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Helping with Google Translate = Reading Practice? Vocabulary and Grammar Exposure?

2017/03/14 Leave a comment

So I’ve got an interesting idea for people who want to practice reading, get exposed to new vocabulary, etc., and would enjoy knowing they’re also doing something good at the same time.

How about helping out with Google Translate?

I was using Google Translate recently and noticed a check mark on a translation that said it was verified by the community.

I clicked the help out link, and came to this: https://translate.google.com/community.

Google Translate Community Homepage / Dashboard

You don’t have to be perfectly fluent to validate, especially if you validate translations TO your native / fluent language(s). If there are any you don’t know or are unsure of, you can just skip! So you can play it safe.

And PLEASE do play it safe, by ONLY validating texts you understand confidently.

So what’s the benefit to you? You will find some unfamiliar words or grammar structures for sure, which you can look up or infer from context and learn for yourself in a context. It may not even interfere with your validation: Google translate wants natural sentences, not just passable ones, so even if you don’t know a word, even if you look up the word and find you can’t be sure of the exact meaning, you can still contribute, if, for example, EVERY translation given is wrong no matter which way you look at it.

You don’t need to be good at Chinese in any way to know neither English translation is good, natural English

Give it a try!

I validated 100+ already of Spanish, French, and Mandarin to English, and learned a few words, refreshed some others.

WARNING: They warn you themselves that anything can come up in those sentences, of course, so make sure you’re old enough and willing to be exposed to I guess anything people may have tried to translate? Just skip anything you don’t want to deal with!

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No-English week and day: Being on a Roll and Keeping the Ball Rolling

2013/12/01 5 comments

I’m extremely busy as I’ve had some hardware failures on my computers that put some of my data at risk, but I wanted to see if I could take a bit of time to knock out an unfancy post. There may be typos; I will correct in time.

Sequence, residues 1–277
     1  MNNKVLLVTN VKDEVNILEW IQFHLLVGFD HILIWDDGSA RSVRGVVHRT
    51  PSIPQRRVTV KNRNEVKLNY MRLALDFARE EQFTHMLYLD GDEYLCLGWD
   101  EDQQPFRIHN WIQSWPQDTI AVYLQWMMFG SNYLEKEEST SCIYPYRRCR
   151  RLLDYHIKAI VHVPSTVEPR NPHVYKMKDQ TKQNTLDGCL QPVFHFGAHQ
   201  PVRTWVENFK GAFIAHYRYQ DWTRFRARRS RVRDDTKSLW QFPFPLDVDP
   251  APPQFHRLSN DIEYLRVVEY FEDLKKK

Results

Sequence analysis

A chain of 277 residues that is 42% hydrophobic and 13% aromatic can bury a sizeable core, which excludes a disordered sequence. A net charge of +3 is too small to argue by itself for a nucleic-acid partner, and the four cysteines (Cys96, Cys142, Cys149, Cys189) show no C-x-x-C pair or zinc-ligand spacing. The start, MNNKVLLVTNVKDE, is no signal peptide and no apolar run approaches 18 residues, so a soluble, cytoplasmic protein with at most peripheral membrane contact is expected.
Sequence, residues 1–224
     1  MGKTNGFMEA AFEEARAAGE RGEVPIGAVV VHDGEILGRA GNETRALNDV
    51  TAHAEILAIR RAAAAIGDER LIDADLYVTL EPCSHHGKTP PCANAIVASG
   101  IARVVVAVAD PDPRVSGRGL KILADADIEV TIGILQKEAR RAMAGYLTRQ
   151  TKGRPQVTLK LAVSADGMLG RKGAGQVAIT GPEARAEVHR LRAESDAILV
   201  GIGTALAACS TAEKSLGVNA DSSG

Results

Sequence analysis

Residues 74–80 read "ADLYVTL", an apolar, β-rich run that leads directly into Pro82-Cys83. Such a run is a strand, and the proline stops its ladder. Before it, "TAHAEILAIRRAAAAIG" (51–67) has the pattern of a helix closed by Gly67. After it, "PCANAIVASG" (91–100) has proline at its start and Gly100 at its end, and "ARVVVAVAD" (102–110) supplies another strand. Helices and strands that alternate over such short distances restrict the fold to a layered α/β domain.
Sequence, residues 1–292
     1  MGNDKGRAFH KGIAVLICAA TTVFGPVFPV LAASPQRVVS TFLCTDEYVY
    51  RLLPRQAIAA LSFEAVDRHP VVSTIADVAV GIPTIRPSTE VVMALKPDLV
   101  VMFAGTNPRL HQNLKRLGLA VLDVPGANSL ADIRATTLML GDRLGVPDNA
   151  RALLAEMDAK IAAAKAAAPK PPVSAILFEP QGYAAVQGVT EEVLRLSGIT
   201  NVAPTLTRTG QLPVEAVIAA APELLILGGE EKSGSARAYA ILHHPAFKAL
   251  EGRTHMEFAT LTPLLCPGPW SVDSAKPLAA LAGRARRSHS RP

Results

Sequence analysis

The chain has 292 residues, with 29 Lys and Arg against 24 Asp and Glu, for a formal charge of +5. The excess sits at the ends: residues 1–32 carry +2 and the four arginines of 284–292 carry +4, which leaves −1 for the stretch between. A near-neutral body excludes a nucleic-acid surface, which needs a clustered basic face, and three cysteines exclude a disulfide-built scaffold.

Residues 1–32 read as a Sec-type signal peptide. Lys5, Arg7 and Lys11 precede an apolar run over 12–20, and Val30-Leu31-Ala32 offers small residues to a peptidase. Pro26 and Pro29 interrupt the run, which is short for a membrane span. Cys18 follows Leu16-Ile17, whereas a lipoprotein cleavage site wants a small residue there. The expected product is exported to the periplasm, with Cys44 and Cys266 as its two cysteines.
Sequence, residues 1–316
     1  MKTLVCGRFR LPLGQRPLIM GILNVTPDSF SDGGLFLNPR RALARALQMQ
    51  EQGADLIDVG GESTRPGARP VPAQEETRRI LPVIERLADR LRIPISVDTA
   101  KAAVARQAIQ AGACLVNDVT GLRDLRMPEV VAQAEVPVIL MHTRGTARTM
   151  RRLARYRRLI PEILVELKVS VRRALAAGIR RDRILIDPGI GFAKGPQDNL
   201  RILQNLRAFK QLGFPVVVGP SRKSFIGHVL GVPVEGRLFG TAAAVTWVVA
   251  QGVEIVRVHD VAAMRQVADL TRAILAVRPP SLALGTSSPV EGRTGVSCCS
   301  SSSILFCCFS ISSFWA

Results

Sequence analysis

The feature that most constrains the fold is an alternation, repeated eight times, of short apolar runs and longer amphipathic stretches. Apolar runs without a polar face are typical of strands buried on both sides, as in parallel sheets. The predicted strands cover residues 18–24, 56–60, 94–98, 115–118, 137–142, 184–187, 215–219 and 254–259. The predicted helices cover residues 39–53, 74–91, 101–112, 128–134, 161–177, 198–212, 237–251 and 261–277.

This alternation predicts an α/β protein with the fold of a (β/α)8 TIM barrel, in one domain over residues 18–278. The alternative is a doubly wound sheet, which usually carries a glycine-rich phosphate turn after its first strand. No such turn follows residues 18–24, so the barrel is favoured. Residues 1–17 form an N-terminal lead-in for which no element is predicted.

I’d like to share two good, recent, level-up / improvement experiences involving Mandarin. One was self-created, while the other was more coincidental, and I put the effort in to keep it going,

Since I always consider my language learning as quite the side project that I mostly fit into literally spare minutes and seconds, I always say I have very “lazy” and relaxed approach – something I would NOT necessarily recommend to someone, but something I’ve realized is still an option. For the most part, I have no goals other than “keep learning and see how it goes.” I have no motivational urge other than “Do it when you can – just make sure you notice those times when you can.”

However, I’ve developed drives, hopes, and somethings like goals as I’ve gone deeper into languages, particulalry Mandarin and Japanese. So, for those I have a focus on, I do give myself a push once in a while. My “lazy” approach is not a chosen method I subscribe to; it’s merely a relaxed, stress-free approach out of necessity, but if I realize I can afford the time and effort, I will definitely add that effort.

The Chinese-only week (really, a non-English week)

I have a few Chinese friends and some more Chinese acquaintances. I can’t get myself to practice speaking with them. I don’t have a lot of time, it’s hard to find good friends, I don’t see them often, etc., so when I do see them, I’d rather use that time wisely to get to know each other better and just be friends, rather than “waste time” practicing Mandarin. That being said, I’m at a level that, while speaking and following conversation is still pretty problematic, I can actually manage a lot – as long as the other person slows down a teeny bit and is willing to work with me. I’ve met people and spoken to them for 30 minutes to an hour. I go to an Asian market and get around in Chinese. But I needed to do this with my friends.

So I simply announced I would be doing this for a week. If I ran to any other friends or acquaintances who didn’t see / couldn’t have seen my announcement on social networking sites and they tried speaking English to me, I’d tell them this was my “Chinese-only week” and would kindly request their help and support.

And it worked, of course. I had a little bad luck in that I had less chances to see my friends than usual, but those I saw worked with me and stayed away from English. Only when something really problematic or important came up, did I switch to English. Merely by listening to people talking to me and being able to ask a few questions as necessary, I even picked up a few new words, confirmed the usage or pronunciation of some words and phrases I had learned but never heard before, and got a few corrections.

Two weeks later I had a different situation.  Read more…